[UPDATE: Thanks to Carsten Groth, who discovered the IIS 7.0 way to do things! Also, my problem isn’t fixed. So, this article is simply about performance improvements.]
I recently became engaged with Microsoft Support trying to fix a problem that occurred when the Application Pool for the CRM Site recycled its process worker(s). I have a split-server deployment of CRM, and the affected machine was the Platform server. When it would recycle its workers, many System Jobs and Workflows would become stuck in the “Waiting” state with an error message, which claimed an exception of either HTTP Status 400 (Bad Request), or HTTP Status 401 (Unauthorized).
This would occur for all jobs that ran in a 4 or 5 hour period after the recycle, but the situation would always ultimately resolve itself. Every morning, I would have to resume a large number of jobs. Also, I found that if I forced an application pool recycle, or restarted IIS, the problem would resurface immediately.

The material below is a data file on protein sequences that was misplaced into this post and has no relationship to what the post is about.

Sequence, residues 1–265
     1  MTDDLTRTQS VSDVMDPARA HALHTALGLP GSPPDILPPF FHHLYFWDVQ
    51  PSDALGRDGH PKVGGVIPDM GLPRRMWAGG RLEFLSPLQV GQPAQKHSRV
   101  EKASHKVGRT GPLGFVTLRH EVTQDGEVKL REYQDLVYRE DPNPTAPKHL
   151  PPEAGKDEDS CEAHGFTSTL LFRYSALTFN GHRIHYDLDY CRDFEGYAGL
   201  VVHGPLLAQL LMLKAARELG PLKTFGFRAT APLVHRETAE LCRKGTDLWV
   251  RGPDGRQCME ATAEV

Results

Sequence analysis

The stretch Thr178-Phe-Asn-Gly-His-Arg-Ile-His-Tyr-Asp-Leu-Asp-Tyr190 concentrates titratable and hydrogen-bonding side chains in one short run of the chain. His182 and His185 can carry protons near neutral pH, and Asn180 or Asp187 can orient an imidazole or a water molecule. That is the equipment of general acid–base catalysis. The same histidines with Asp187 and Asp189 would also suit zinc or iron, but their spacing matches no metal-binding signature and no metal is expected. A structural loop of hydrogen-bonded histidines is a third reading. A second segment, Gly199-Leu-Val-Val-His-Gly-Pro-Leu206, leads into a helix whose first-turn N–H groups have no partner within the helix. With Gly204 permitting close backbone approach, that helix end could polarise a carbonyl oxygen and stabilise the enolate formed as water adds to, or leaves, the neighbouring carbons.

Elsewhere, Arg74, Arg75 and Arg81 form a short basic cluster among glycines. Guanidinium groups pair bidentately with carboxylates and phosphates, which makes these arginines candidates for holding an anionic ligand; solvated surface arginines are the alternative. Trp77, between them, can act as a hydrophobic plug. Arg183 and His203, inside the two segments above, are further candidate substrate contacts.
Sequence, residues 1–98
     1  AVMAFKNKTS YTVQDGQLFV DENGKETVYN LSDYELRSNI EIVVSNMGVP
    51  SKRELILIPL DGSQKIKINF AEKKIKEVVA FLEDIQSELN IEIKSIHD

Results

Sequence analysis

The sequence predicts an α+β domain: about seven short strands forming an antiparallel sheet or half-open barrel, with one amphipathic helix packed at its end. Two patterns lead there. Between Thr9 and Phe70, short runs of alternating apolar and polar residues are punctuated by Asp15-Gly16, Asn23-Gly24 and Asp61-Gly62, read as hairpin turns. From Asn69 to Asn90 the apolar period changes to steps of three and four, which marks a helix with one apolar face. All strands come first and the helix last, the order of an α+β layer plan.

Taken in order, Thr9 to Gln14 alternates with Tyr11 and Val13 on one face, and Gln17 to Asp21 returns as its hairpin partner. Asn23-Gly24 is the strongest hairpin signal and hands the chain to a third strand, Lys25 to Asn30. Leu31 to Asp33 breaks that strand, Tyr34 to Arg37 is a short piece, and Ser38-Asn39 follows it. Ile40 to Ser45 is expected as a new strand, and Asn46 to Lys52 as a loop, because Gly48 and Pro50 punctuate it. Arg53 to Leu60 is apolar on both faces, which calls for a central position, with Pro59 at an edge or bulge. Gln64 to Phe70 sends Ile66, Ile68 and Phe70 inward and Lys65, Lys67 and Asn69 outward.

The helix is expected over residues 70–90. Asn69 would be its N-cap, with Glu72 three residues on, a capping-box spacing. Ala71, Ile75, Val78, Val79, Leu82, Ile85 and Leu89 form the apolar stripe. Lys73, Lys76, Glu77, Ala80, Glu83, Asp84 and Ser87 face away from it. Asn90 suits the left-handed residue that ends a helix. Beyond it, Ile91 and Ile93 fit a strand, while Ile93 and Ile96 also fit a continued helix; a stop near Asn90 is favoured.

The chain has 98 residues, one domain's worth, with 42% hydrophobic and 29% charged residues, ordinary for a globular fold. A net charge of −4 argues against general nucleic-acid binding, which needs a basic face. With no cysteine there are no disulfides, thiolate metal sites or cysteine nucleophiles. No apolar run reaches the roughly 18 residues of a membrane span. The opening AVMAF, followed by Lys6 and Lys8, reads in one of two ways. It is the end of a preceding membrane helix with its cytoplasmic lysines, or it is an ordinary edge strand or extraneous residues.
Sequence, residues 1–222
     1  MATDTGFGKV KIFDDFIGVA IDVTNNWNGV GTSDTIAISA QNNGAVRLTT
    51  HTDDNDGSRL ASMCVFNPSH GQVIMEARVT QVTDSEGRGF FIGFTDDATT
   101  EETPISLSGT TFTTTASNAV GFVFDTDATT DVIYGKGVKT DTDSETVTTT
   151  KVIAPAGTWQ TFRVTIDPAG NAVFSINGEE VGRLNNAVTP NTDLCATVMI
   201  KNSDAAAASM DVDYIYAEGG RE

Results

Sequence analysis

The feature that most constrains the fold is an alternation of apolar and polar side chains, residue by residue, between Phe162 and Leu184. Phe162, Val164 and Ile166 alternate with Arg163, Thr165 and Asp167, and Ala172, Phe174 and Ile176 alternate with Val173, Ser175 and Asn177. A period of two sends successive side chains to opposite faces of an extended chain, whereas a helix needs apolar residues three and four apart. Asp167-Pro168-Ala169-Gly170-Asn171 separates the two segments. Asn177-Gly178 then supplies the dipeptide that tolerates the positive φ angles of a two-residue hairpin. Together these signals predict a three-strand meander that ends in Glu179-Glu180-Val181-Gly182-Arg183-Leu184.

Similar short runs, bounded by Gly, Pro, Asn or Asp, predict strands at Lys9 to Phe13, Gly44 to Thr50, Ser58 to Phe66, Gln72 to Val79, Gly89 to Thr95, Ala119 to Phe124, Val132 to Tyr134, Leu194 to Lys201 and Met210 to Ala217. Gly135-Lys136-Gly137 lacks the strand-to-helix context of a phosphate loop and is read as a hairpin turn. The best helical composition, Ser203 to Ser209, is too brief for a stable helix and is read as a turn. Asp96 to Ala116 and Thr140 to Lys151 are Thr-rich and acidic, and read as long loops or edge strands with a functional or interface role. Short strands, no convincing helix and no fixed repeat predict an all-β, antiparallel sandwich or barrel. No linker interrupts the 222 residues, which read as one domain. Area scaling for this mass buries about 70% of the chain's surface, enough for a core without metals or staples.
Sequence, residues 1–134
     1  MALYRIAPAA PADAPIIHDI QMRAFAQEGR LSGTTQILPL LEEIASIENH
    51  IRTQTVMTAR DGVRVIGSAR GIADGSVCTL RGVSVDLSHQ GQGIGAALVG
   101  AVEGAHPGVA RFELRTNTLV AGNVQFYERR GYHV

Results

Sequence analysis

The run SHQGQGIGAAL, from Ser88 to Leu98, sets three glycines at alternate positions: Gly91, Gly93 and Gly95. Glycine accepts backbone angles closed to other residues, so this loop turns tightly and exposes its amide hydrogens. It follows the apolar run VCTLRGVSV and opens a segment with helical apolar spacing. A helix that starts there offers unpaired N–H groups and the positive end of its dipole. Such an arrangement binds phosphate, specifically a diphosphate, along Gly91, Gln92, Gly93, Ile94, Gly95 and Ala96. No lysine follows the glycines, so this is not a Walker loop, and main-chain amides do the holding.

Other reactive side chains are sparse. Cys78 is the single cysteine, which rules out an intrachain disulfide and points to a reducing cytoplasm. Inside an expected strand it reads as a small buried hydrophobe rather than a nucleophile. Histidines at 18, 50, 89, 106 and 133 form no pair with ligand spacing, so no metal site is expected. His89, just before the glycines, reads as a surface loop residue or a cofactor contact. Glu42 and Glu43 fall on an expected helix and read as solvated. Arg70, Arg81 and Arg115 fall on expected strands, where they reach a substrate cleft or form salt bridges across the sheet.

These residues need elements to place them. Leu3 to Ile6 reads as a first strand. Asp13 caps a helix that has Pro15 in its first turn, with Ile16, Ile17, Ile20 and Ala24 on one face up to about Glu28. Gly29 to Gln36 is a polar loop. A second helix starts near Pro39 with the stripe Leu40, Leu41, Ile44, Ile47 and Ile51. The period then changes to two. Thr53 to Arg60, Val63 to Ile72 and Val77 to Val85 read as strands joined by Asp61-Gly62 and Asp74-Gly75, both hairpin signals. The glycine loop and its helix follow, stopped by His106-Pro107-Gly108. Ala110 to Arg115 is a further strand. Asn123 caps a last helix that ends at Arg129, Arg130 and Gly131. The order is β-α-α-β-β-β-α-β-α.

The technicians over at Microsoft reviewed my configurations and logs, and made a recommendation to apply KB 917557 to IIS on my web server. The server runs Windows 2003 and IIS 6.0, and the logs would show that each request to the CRM website would first encounter an HTTP Status 401 message, which would force the client to submit authentication for a second connection—that would result in an HTTP Status 200 (OK). Thinking that this could be causing my problem, I was asked to enable Kerberos Auth Persistence using the article above.
One thing to note about enabling Kerberos Auth Persistence is that it effectively cuts the number of requests being processed by IIS in half. When I inquired about security considerations regarding this setting, I was told that there were none as the feature is inherently bound to HTTP Keep-Alive sessions. For IIS 7.0, as pointed out by Carston Groth, reference KB 954873.